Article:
Animal Revenge: Marcus Butt’s collage

Marcus Butt of Bristol, UK, was recently featured in Wallpaper* magazine, and I was thrilled by his working process and the end result. So much Photoshop work looks so computer-generated, and this method yields a beautiful hand-made look. His process starts with a hand-drawn sketch, which he then scans into Photoshop. Then he “colors” the scans of various textures, paint samples, textiles, and other materials. “The idea is a kind of digital collage” he says in Wallpaper. “I am always looking for non-computer-generated colours, just to give the final finish a less computer-ish feeling.” And of course I love the content of the work: he creates a fluffy, beautiful world of mild-mannered animals holding shotguns. See more work at the artist’s blog.

In the Drawing Room with a Pot of Glue

Lady Filmer (English, 1838–1903) Untitled loose page from the Filmer Album, mid-1860s Collage of watercolor/albumen silver prints; 8 3/4" x 11 1/4"

Who doesn’t love Victorian photocollage? Well I do, anyway. It’s odd and awkward and so strange. This new show at the Met (organized by the Art Institute of Chicago) explores this odd preoccupation of the rich. The Met writes: “Sixty years before the embrace of collage techniques by avant-garde artists of the early twentieth century, aristocratic Victorian women were already experimenting with photocollage. The compositions they made with photographs and watercolors are whimsical and fantastical, combining human heads and animal bodies, placing people into imaginary landscapes, and morphing faces into common household objects.” See more at the Met’s website.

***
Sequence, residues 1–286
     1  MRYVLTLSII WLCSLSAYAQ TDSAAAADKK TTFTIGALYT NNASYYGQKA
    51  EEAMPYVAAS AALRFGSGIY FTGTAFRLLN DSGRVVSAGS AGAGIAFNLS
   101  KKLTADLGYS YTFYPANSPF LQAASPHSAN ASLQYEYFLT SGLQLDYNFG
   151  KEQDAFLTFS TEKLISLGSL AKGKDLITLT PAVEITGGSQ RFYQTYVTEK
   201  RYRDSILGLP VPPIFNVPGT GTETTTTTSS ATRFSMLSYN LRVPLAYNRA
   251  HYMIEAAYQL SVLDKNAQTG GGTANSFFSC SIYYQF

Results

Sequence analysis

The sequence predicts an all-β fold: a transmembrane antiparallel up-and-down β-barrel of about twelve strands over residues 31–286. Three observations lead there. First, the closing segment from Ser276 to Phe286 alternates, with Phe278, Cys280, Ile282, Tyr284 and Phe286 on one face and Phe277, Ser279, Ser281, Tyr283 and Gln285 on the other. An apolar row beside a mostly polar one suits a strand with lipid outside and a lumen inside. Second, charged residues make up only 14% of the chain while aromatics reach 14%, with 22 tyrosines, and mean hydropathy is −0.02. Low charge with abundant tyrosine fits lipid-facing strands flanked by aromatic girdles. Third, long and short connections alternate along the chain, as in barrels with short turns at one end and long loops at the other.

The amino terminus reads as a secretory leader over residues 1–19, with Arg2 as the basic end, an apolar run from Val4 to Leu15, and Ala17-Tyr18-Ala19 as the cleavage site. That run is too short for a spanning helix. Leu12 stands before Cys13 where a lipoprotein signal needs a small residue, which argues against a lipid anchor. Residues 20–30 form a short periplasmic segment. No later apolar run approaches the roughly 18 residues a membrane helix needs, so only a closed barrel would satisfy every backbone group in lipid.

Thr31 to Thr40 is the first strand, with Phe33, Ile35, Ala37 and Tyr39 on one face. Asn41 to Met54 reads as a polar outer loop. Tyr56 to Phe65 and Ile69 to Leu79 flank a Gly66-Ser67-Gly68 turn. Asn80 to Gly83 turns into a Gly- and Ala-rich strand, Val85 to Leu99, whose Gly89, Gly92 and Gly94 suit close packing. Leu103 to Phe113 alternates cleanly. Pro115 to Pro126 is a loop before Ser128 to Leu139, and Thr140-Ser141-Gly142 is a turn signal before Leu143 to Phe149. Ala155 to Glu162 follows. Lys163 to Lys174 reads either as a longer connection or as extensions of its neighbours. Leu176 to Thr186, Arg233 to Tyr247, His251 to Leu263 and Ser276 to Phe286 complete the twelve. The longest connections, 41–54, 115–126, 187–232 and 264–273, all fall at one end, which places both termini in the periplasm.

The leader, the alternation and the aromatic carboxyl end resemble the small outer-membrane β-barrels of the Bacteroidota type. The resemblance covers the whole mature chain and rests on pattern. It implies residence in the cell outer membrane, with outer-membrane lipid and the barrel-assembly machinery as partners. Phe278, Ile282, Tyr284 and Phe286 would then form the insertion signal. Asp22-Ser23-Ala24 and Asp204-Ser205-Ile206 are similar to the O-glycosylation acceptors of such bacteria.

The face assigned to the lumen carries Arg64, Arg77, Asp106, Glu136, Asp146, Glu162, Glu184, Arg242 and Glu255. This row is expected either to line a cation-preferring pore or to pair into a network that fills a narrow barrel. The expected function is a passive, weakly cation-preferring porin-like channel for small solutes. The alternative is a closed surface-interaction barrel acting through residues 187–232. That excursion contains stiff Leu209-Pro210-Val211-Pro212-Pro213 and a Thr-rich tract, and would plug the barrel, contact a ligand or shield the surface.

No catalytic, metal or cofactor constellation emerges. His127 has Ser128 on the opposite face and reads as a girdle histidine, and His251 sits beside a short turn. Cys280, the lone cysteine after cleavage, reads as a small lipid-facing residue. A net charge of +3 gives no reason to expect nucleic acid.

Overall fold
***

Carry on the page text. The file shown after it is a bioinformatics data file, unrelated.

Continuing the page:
Ray Yoshida’s Talking Collages

URGH! 2003 collage on paper, 6" x 8"

James Jensen has organized a memorial tribute to the Kauai-born artist Ray Yoshida at the Contemporary Museum First Hawaiian and we went last week. May I just say that Yoshida has made some of the most ingenious collages I have ever seen? First, as a Chicago Imagist, he played with fantastical images and, I believe, tried to bridge the gap between Abstract Expressionism and Pop Art. At SAIC, he taught artists who would later become famous in their own right such as Karl Wirsum (I studied with him!), Jim Nutt, and Gladys Nilsson. But it is his late collage work on the second floor that is most impressive. He turns hair into clouds and clothing into mountains. Negative space speaks, and business suits with no heads twist and turn. A must see.